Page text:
After Dr. Parth Mehta moved into his basement in early March, he wrote goodbye letters and put together an emergency binder with important information for his family.
Those are actions he's taken in response to rising infections and deaths amid the coronavirus pandemic: He's had to prepare for the unwelcome but heightened possibility that he could die because of his exposure to the virus on the job.
The binder he prepared contains login credentials for his social media accounts, phone numbers of family and friends, and information about his investments.
It also includes details on deportation procedures because if he dies, his wife and two young children will face the risk of being deported to India.
“If I get sick and if something happens to me, it’s basically over for my family,” he told NBC Asian America.
Mehta, a hospitalist, is one of approximately 127,000 immigrant physicians in the United States who account for nearly a quarter of all the country’s licensed physicians. Of that group, the majority come from India, followed by the Caribbean, Pakistan, Philippines and Mexico, according to the 2018 Federation of State Medical Boards census.
“It’s not just a tangential part of health care access that we’re talking about,” said Greg Siskind, an immigration attorney who specializes in physician immigration cases. “It's a pretty core part.”
Physicians like Mehta are in the U.S. on H-1B visas that are tied to their employment. If those visa holders become incapacitated or disabled for any reason and are unable to work, they and any family members on H-4 dependent visas will become subject to deportation. If a H-1B visa holder dies, any H-4 dependent family members become undocumented and instantly subject to removal, Siskind said.
It's a plight immigrant physicians and their families face largely due to the country's massive visa backlog.
From fiscal years 2007 to 2018, the majority of H-1B visa petitions were filed by Indian nationals — approximately 2.2 million out of nearly 3.5 million — according to U.S. Citizenship and Immigration Services data. And according to the Cato Institute think tank, recently backlogged Indian workers face a wait time of 90 years.
“You have doctors that are basically sitting for 20 years in this precarious situation of being on a temporary visa that, should something happen so that the person can’t continue on the temporary visa, their family is potentially subject to deportation,” Siskind said. “It’s a completely legitimate concern that these doctors have.”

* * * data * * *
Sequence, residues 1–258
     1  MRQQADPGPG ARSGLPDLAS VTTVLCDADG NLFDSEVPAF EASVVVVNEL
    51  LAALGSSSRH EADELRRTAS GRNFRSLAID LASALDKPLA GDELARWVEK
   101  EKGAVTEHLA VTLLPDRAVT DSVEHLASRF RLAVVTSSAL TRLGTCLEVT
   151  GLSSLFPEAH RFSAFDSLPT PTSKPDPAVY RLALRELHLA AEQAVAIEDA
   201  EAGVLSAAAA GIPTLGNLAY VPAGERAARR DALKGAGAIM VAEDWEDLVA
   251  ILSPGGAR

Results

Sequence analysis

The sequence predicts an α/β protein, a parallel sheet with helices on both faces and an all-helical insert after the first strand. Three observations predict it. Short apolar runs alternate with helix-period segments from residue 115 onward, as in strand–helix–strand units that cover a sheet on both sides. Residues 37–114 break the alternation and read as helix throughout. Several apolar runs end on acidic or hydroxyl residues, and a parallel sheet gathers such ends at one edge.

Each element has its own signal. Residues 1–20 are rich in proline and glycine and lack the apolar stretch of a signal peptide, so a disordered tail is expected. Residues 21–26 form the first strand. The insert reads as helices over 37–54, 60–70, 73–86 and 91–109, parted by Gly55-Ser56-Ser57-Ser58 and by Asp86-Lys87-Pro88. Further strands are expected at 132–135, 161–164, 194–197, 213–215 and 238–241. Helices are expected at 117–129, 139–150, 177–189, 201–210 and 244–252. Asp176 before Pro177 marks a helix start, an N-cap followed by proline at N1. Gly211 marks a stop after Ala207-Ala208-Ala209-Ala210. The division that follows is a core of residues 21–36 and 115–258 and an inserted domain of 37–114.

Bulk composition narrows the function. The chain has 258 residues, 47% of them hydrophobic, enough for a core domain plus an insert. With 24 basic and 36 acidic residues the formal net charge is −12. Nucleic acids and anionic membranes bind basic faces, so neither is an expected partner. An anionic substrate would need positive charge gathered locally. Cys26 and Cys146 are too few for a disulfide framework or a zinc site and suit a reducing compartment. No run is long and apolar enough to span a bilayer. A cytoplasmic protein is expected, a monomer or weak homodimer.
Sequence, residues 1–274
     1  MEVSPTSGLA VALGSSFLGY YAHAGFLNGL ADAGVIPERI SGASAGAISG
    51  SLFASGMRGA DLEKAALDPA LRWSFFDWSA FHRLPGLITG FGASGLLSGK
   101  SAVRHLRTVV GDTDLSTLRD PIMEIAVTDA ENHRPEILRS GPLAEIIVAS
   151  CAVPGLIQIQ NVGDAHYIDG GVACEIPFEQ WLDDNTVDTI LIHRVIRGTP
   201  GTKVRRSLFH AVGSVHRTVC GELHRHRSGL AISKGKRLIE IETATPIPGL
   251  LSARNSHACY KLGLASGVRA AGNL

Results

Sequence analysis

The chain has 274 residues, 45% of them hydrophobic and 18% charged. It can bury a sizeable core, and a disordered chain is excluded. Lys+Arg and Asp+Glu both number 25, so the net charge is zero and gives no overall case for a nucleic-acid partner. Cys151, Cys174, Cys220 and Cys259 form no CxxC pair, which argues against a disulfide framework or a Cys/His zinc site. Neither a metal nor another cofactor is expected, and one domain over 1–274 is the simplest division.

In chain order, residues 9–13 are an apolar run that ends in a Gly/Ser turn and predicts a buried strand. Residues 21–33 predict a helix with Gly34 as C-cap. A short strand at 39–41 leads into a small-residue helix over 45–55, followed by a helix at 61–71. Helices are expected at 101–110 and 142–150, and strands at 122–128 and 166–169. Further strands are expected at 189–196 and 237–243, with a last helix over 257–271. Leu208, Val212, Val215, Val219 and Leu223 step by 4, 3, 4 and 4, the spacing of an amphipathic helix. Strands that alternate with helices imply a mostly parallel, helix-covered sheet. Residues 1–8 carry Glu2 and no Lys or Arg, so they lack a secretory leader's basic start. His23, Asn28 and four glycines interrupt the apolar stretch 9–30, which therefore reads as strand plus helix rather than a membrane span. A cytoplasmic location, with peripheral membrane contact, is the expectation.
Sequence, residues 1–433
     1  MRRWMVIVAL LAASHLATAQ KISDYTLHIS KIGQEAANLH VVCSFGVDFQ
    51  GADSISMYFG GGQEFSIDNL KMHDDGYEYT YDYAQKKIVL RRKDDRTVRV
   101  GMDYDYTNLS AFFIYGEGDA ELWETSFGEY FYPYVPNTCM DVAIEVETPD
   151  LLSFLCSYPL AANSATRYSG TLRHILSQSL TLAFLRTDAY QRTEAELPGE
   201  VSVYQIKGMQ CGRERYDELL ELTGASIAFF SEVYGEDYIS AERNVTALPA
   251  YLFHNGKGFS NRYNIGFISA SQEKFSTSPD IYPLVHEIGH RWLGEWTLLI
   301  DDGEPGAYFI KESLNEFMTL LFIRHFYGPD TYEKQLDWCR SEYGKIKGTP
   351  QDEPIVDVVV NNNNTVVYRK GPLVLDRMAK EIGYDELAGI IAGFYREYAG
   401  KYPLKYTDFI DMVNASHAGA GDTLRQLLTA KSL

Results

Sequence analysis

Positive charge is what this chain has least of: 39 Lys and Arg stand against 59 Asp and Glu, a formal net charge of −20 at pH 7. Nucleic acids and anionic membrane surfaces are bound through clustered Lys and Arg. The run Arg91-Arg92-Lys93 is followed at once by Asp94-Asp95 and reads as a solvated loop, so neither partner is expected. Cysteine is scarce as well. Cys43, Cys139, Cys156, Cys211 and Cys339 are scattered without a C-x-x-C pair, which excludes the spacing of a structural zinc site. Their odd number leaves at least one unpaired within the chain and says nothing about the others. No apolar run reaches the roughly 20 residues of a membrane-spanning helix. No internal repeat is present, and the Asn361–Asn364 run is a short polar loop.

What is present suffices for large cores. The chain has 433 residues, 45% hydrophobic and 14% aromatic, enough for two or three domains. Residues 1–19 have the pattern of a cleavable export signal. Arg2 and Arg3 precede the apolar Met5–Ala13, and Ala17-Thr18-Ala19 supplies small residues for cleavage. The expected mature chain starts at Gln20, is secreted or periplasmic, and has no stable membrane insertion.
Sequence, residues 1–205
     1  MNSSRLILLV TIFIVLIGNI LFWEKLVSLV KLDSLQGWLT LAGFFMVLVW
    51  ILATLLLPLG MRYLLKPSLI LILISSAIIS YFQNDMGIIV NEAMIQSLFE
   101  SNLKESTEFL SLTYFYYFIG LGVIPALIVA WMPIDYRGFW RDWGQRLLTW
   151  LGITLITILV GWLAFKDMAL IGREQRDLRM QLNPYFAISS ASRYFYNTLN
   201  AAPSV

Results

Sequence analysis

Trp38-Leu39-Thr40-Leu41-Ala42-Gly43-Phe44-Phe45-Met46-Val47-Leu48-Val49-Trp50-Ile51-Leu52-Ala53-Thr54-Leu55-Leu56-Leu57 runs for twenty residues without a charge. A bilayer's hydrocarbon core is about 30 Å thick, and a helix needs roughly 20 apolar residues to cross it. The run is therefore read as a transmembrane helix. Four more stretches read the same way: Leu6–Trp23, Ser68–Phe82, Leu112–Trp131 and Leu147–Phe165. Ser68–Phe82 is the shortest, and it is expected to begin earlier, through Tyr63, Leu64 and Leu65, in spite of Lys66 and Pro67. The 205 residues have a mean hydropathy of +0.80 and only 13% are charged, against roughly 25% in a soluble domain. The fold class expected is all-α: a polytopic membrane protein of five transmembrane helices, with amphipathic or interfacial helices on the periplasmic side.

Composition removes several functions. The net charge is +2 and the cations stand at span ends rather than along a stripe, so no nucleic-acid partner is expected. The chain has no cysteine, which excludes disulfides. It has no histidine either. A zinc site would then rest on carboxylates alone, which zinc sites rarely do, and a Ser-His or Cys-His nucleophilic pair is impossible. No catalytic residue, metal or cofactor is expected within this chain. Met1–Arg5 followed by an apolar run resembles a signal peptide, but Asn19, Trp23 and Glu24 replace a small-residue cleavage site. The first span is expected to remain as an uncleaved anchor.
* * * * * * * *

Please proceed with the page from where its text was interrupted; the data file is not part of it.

The only way to address the issue is through legislation, he added.
Physicians for American Healthcare Access (PAHA), a group dedicated to increasing health care access in underserved communities, is one organization that has been advocating for legislative solutions to protect immigrant doctors.
One of the bills the group is backing, a bipartisan measure called the Healthcare Workforce Resilience Act, was introduced in Congress earlier this month. If passed, it would recapture 40,000 unused immigrant visas and allocate them to doctors and nurses to help fight against COVID-19.
Siskind said the bill would help many immigrant physicians because it would clear out much of the green card backlog for them, but it doesn't address other problems they face.
“It’s an occasion to rejoice a little bit that yes, something is being done, but it by no means is enough,” Dr. Sanjeev Alur, president of PAHA, said.
He noted that the bill doesn't protect immigrant medical trainees on J-1 exchange visitor visas, which Siskind said the majority of immigrant doctors enter the country on. The J-1 restricts trainees to working in a particular location, Alur said, though they've been granted some flexibility to help fight the pandemic.
“They're not full fledged doctors yet, but they're on the front line,” Alur said. “They have the same risks. They're still on a visa.”
Alur and Siskind said that immigrant doctors have been and are critical in filling the country's physician shortage, which has been building over the last two decades. It's a problem that has been mostly noticed in rural areas, which typically have a harder time recruiting doctors than big cities, Siskind said. According to the Association of American Medical Colleges, the United States is expected to experience a shortage of up to nearly 122,000 physicians by 2032.
“You can’t snap your fingers and end the need for international doctors,” Siskind said.
Mehta, who works in a hospital in Peoria, Illinois, a city about two and a half hours west of Chicago, said he worried about the possibility of becoming disabled or dying even before the pandemic. But while that risk has always existed, it has risen exponentially in recent months, he said.
Health care personnel have accounted for nearly 20 percent of COVID-19 cases, according to the Centers for Disease Control and Prevention.
He said he questions how immigrant doctors are being praised as heroes and front-line warriors while they are physically able to fulfill their duties, yet seem to hold no value if they become incapacitated.
“It’s kind of weird that we are considered essential when it comes to saving lives, but we are considered nonessential when it comes to immigration purposes, and your family faces the risk of deportation if you die,” Mehta said.